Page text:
A Prairie inland port stands to offer Canadians a larger share of the global transportation industry at a more effective cost, while putting Saskatchewan on the map in the Prairie-to-ports gateway that would connect global markets to North America.
An inland railway port is a more cost effective and less congested avenue that exporters in Saskatchewan need to make a reality, according to Doug Campbell, CEO of Prairie-to-Gateway and Inland Port, who spoke in Regina on Wednesday.
According to Campbell, who was hosted by the Frontier Centre for Public Policy, a Prairie gateway won’t come to fruition by having people dream about it or talk about it.
“It will take more than just wishing,” said Campbell. “(The province has) got to get to work. We need all the export shippers to band together.”
Campbell said there is great potential for many of Saskatchewan’s exportable goods — including grain, machinery and pork — in today’s hot market of Asia. The Asia Pacific gateway is currently the hottest market and many companies from all over the world are currently building ports in order to be a part of it.
In Canada, Vancouver is home to Canada’s busiest port, but Campbell said that due to congestion in areas like Vancouver and Los Angeles, an inland port is the best alternative to having new ports built in those areas. A Prairie port would be built on land that is far less expensive compared with land near sea ports, and would also create a better line to Chicago, North America’s current main hub. Before this can happen, only one thing is needed.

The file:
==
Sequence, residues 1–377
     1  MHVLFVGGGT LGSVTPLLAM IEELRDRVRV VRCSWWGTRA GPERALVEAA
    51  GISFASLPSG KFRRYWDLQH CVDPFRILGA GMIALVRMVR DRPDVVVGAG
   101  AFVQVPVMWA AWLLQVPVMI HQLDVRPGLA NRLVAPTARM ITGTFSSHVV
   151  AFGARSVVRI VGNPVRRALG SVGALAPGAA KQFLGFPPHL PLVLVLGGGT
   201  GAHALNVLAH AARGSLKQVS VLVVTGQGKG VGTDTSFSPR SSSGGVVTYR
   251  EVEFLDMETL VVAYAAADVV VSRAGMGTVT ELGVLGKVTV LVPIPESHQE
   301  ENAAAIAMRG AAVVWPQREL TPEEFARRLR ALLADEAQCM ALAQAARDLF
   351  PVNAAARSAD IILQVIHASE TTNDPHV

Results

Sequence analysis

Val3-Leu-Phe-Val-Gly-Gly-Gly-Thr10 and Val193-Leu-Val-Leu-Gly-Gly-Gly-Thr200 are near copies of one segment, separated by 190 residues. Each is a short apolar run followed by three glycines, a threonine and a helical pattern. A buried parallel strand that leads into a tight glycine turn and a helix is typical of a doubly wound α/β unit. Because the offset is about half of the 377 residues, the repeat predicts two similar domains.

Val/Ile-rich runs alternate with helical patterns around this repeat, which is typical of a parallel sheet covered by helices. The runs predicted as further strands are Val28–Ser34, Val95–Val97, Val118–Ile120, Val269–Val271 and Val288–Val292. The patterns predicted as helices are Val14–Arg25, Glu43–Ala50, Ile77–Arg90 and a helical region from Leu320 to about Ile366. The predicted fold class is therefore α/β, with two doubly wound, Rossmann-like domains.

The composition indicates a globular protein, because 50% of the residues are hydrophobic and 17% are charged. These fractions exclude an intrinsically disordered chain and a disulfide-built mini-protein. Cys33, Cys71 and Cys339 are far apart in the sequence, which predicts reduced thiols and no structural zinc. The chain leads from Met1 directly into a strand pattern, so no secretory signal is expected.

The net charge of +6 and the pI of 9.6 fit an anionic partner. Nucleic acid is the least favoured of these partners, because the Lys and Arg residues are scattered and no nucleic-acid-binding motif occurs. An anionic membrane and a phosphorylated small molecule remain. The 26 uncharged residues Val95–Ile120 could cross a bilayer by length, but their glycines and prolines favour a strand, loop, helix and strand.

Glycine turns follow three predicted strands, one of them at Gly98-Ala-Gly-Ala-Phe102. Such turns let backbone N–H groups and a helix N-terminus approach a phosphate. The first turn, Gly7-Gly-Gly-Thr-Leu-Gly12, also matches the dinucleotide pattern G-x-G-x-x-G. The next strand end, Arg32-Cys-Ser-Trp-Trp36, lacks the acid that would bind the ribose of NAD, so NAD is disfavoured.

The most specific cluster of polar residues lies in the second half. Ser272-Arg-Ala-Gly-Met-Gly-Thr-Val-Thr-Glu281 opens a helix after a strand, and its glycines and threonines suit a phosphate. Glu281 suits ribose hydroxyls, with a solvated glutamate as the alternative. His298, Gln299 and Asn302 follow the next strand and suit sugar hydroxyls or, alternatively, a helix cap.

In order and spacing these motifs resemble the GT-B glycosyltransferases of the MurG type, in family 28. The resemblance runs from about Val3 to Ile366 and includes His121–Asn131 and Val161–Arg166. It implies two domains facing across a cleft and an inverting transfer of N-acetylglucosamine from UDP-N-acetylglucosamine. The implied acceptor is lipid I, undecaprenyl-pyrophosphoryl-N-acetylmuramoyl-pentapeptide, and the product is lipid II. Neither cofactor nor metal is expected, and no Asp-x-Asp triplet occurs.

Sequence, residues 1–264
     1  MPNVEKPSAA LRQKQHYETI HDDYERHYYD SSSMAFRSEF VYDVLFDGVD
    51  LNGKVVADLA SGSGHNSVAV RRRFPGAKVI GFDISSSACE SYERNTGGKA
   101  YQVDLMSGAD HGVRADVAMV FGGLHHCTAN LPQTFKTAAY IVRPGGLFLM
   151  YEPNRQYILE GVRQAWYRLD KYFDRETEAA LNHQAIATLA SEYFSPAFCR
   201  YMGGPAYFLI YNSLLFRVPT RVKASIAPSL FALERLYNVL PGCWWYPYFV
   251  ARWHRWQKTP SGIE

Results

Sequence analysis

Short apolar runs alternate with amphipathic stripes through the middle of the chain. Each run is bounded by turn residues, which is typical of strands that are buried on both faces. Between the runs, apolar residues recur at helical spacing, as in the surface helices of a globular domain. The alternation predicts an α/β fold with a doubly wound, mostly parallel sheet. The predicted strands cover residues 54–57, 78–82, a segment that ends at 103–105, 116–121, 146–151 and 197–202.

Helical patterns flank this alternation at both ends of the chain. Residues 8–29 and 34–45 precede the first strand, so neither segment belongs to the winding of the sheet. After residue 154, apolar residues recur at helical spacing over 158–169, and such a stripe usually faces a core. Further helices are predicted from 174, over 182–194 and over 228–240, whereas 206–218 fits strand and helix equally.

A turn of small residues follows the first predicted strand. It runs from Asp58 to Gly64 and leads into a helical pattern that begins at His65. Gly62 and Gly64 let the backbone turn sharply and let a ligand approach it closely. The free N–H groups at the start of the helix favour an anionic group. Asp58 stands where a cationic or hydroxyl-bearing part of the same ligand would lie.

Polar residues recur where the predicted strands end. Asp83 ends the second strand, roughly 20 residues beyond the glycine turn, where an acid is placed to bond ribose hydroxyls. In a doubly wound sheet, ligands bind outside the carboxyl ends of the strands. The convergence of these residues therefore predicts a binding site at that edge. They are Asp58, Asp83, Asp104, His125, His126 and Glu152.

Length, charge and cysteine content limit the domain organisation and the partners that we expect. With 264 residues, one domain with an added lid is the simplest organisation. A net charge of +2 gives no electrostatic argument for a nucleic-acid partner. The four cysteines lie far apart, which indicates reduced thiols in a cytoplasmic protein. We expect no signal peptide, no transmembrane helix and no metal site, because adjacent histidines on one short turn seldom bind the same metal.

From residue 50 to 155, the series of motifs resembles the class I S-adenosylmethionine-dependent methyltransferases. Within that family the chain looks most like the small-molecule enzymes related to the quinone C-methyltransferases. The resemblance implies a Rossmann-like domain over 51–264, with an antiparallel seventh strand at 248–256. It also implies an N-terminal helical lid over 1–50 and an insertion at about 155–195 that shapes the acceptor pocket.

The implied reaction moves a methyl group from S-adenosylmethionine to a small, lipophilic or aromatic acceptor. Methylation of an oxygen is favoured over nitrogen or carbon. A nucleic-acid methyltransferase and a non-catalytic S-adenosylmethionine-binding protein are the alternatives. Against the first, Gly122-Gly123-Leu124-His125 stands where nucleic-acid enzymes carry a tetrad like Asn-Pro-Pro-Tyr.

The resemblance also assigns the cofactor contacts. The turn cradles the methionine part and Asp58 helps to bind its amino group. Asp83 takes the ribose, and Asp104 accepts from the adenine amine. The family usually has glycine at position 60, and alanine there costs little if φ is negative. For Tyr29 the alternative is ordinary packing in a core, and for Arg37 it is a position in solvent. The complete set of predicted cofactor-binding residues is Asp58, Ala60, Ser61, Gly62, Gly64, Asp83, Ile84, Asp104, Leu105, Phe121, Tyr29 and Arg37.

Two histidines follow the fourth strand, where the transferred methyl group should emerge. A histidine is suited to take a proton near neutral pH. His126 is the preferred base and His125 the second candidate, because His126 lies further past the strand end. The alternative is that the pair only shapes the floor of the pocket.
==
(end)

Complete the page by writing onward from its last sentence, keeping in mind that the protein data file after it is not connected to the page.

“We need critical mass,” said Campbell. “We need volume. This is not wheelbarrow loads. It’s got to be, I would say, about 500,000 tons of product. That would be adequate to get the proper and positive attention of private-sector carriers.”
Campbell said public support is required from all three levels of government in term of things like infrastructure — roads, cloverleafs, weigh scales, security clearance — or what Campbell refers to as “soft stuff on the edge.” He said, without that support, premium products will be unable to be maintained.
Shipments have to be considered from production to destination, Campbell said. If, for example, there is no infrastructure at the destination point for large shipment containers, this has to be taken into consideration to minimize the amount of times the product is handled en route.
The window of opportunity to create a Prairie gateway is small. Campbell said businesses across the world are trying to get a piece of the pie by building ports. This includes many different shipping types, from deep sea to short sea shipping. While the pie is growing, according to Campbell, the hope that it will happen on our terms and time frame is not realistic.
“We don’t have time to wait,” said Campbell. “There is no specific time, but if (Saskatchewan doesn’t) do it, then Vancouver will build another crowded, congested warehouse five miles from the existing one and they’ll choke.”
Regina’s proposed Canadian Pacific (CP) inter-modal facility has potential to be a large player in a Prairie gateway, but according to Campbell, having the facility located at the airport isn’t much help as there is not much elbow room to grow beside the airport.
“If you’re in the railway business and you want to grow, you need tracks that are two to two-and-a-half miles long,” said Campbell. “Train links used to be 60 cars … they are now 126 car links. If it’s anywhere near residential district, you’re going to have lights on at a 24-hour basis, trains crashing into each other and cranes lifting and dumping stuff. You don’t want Mosaic Stadium to be your next door neighbour.
“The logical place for it is either Moose Jaw, where the junction is, or Belle Plaine where you’ve already got both railways having access. (Regina’s inter-model plan) is just a CP deal.
“ As a matter of public policy, almost every shipper, every manufacturer would say ‘I want access to both railways, not just one.’”